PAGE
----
Steven Ross Smith. Emanations: fluttertongue 6. (BookThug 2015).
Definitely one of this Autumn’s poetry books to add to the library, Emanations: fluttertongue 6 is, as its subtitle says, the latest addition to Steven Ross Smith’s adventurous, engaging, & always changing life-long poem. Over the past 5 volumes, Smith has found many different formal ways to write his life & live his writing in the complex construction of book-length works that are also parts of a longer, always-under-construction yet exploratory work.
Emanations, among many other things it does, is paying a kind of homage to many of those Robin Blaser called ‘companions’ – those fellow poets one admires & converses with in one’s own writing. Here the conversation, so to speak, made specific in the notes: ‘The source poems that seeded this work and then disappeared back into their own lives are listed below. There has been no attempt to imitate or trace, but rather to simply leap off an edge each source supplied.’ How each poem ‘leaps’ is Smith’s doing, & then, in the formulation of the poems, he also inherits formal possibilities from lots of others beyond ‘the many’ he ‘writes with.’ Pound, Williams, Olson, Creeley, Stein, are just a few of the great modernists whose technical discoveries Smith has taken in to his own poetics. Yet the poems, in all their formal variety are very much Smith’s own.
Emanations: fluttertongue 6 begins with a frog (& a nod to the most famous one in Basho [& then also bpNichol]), found in a raucous poem of natural sounds & sights that also announces the paradoxical nature of the whole book: having (re)presented how ‘On a long thin frond beside an ambling feeder stream / green frog gleams, sheen and / pock, journey scarred,’ the poem insists, ‘A frog, nonetheless, is not a poem / though a poem may have legs, may leap / – the poet has witnessed – the frog-leg flip from pond to plate.’ There will be many ambiguous binaries throughout Emanations, none of which will hold. This is a book of unravelings, questions leading only to more, some of which touch lightly & sprightly on our deepest ecological fears indeed, a poem like ‘Tailwind’ displays the kind of wry wit at work on such themes as appear, often simply by implication, throughout: ‘Forget lumbrous giants / of the Pleistocene / hidden in shale, yet / shaped in plastic figurines // No, do remember, make your mind a museum shop.’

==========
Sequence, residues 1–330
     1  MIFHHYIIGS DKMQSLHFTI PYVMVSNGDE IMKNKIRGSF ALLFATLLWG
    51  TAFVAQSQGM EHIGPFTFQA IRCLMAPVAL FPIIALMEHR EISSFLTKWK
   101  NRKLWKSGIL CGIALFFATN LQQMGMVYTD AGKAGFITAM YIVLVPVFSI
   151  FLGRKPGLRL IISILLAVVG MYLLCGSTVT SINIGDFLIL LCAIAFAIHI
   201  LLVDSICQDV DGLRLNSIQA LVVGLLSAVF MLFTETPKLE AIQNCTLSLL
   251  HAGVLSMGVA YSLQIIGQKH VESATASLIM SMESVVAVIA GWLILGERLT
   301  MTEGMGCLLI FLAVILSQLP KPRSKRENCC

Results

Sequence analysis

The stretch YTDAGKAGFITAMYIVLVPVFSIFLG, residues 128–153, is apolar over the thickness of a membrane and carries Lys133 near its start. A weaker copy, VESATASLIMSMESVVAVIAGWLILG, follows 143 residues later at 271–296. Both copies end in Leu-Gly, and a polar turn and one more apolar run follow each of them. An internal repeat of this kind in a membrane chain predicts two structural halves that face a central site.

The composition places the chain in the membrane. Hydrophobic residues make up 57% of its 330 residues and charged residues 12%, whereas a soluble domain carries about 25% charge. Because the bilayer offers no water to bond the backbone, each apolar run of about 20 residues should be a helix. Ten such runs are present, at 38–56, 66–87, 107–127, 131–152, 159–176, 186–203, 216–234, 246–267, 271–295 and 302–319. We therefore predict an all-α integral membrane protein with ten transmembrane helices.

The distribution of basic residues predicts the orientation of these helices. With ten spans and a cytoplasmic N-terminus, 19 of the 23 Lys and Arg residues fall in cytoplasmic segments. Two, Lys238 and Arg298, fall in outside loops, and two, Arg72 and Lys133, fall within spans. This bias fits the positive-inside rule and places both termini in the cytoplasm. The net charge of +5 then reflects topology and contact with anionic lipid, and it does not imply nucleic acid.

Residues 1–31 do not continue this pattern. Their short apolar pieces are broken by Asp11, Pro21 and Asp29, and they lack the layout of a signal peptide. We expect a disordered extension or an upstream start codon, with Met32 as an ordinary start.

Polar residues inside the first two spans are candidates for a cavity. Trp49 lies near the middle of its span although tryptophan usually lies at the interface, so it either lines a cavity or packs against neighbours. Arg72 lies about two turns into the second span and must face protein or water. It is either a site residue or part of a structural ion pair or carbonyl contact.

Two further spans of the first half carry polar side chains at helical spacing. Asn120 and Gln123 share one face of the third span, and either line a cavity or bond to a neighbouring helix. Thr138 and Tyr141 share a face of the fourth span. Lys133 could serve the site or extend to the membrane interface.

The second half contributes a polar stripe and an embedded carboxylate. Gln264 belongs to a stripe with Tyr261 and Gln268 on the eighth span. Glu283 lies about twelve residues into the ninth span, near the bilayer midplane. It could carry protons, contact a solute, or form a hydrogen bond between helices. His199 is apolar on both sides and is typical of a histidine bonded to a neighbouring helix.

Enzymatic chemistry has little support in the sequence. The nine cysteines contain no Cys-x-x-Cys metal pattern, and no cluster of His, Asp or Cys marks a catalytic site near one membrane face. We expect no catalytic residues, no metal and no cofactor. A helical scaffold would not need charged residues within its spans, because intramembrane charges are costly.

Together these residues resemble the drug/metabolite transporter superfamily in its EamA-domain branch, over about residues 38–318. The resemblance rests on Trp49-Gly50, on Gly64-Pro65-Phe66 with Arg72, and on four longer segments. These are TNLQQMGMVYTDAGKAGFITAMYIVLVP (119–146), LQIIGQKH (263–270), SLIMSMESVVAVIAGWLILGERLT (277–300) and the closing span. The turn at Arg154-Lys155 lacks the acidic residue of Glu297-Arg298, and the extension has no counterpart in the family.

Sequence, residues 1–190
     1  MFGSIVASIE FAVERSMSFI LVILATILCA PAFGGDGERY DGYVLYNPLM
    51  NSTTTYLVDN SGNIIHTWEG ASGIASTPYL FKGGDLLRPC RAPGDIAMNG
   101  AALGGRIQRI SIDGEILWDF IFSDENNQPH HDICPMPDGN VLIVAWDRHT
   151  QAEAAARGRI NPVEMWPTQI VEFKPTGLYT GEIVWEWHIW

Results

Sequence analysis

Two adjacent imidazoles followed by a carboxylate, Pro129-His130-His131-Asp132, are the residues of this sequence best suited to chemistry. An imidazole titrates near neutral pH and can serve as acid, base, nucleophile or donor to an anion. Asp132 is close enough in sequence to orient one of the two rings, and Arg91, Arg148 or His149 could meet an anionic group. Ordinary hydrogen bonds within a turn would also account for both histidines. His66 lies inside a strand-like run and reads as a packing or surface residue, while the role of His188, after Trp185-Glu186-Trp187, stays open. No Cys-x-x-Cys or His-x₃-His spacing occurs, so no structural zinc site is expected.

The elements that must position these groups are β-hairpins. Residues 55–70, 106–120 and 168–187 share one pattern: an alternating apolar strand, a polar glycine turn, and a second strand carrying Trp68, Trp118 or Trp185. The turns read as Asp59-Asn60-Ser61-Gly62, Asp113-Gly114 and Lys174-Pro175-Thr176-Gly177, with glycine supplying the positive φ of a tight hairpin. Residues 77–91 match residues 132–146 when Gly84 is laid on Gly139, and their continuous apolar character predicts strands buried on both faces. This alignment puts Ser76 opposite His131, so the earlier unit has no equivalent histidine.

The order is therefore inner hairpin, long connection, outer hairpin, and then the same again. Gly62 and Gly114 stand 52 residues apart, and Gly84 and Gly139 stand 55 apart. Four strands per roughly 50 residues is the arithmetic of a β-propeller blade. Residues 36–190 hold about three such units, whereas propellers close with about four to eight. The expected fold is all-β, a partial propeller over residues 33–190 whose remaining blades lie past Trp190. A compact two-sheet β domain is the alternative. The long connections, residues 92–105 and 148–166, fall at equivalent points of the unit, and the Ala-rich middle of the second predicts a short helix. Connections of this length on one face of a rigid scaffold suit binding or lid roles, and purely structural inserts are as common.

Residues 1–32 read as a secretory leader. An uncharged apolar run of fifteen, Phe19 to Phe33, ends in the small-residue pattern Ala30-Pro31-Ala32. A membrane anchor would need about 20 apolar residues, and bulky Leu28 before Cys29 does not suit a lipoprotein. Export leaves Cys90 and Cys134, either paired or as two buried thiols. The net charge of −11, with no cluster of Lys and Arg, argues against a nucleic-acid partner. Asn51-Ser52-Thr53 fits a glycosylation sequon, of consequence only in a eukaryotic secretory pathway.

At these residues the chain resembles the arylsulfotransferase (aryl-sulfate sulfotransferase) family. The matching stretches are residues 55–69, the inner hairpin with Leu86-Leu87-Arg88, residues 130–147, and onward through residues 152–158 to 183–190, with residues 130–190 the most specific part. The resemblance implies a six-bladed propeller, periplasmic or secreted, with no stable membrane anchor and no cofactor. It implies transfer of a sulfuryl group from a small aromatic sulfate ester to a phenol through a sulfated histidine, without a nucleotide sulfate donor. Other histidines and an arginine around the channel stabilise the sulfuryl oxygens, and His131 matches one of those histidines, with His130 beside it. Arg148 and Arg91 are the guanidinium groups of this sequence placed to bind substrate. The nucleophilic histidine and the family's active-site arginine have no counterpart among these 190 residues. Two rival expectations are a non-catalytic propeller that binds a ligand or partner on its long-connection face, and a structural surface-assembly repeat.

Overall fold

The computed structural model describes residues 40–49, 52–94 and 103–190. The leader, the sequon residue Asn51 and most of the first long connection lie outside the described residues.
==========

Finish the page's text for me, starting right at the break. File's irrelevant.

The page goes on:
As these excerpts reveal, although these poems sidle up to a number of serious concerns, not least our relation as humans with the natural world, they delight in word play, puns, internal rhyming, & much more in the language-game repertoire. Take ‘North,’ for example, which begins, ‘Even in the dark the drag- / line bucket shuffles / clicking chancy operations / over flute and bassoon’ & continues through various guttings of ‘north’s pristine / patient / last geology,’ to ‘Hope holds / its alchemy / a landscape of where / revealed // Fenced compounds over there / burlaped, ask dwellers what / botany whispers.’ These stanzas truly do leap, around & above simple statements & they also sing.
These poems range too widely to cover all they cover in a review. The idea of the poet, engaged, wishing ‘poems echoed, choate or in-, shone / like sprigs, tentacles of multiplication, earnestly adult / mathematics’ surfaces again & again. They insist on the ways in which other writing forms as much a part of ‘experience’ as any physical engagement with the natural world yet must be encountered in the rich apprehension of that world. They remember, most stringently & strongly in ‘Staged,’ a beautiful elegy for his friend & fellow writer-&-performer, Richard Truhlar. Here a series of short subtle lyrics, with their hovering ‘Moth, fated to flare’s / smoke-knotted hiss / wind-whisper, ashen’ & ‘light’s failure,’ & other such images emanate & animate essential loss.
Emanations: fluttertongue 6 is a book that will reward rereading, yet offers so much on first perusal. Steven Ross Smith, in his continuing fluttertongue project, of which this is a significant addition, is slowly constructing one of the major contemporary long poems.